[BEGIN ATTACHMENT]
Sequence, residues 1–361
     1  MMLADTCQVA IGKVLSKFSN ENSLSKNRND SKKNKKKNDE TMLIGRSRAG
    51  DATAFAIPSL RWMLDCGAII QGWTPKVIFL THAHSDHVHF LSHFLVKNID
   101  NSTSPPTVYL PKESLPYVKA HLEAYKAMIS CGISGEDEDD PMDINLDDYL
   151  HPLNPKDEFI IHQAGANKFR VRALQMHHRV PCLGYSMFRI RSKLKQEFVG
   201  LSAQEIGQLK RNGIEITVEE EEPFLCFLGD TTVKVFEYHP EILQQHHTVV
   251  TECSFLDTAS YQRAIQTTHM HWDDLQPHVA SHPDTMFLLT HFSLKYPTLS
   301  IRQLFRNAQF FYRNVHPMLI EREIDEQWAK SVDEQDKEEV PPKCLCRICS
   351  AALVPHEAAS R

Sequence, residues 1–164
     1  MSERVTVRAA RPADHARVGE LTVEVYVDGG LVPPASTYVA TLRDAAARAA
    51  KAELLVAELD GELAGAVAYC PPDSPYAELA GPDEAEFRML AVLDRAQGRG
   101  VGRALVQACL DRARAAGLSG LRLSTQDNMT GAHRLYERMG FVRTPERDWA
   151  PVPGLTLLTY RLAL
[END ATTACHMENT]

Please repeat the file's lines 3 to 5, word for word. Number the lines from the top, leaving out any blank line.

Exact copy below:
    51  DATAFAIPSL RWMLDCGAII QGWTPKVIFL THAHSDHVHF LSHFLVKNID
   101  NSTSPPTVYL PKESLPYVKA HLEAYKAMIS CGISGEDEDD PMDINLDDYL
   151  HPLNPKDEFI IHQAGANKFR VRALQMHHRV PCLGYSMFRI RSKLKQEFVG